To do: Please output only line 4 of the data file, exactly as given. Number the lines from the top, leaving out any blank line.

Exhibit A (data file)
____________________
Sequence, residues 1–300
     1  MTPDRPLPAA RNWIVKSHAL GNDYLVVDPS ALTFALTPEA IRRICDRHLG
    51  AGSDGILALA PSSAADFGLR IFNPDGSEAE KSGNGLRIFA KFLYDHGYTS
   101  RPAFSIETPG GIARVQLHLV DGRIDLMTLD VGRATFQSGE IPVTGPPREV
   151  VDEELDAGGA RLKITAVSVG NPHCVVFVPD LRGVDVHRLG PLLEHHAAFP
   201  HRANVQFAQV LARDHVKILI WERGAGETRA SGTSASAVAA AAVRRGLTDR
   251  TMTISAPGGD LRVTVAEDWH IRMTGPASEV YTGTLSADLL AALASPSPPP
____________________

   101  RPAFSIETPG GIARVQLHLV DGRIDLMTLD VGRATFQSGE IPVTGPPREV